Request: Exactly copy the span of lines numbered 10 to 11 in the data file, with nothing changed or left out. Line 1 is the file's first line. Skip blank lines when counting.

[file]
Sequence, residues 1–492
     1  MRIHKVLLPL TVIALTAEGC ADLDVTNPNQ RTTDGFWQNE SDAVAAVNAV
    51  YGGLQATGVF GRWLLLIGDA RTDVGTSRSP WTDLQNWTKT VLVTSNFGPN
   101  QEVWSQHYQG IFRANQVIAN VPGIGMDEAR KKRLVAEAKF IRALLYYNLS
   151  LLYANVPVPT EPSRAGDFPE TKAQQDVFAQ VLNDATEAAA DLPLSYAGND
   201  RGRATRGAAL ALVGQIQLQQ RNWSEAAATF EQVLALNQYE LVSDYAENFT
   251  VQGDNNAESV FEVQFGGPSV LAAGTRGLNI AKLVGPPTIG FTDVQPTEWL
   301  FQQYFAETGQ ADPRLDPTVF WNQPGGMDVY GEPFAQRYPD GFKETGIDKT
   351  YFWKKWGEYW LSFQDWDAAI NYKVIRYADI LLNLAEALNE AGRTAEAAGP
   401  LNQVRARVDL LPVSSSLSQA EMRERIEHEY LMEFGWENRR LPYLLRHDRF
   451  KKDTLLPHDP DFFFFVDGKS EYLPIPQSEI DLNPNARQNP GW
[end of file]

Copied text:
   401  LNQVRARVDL LPVSSSLSQA EMRERIEHEY LMEFGWENRR LPYLLRHDRF
   451  KKDTLLPHDP DFFFFVDGKS EYLPIPQSEI DLNPNARQNP GW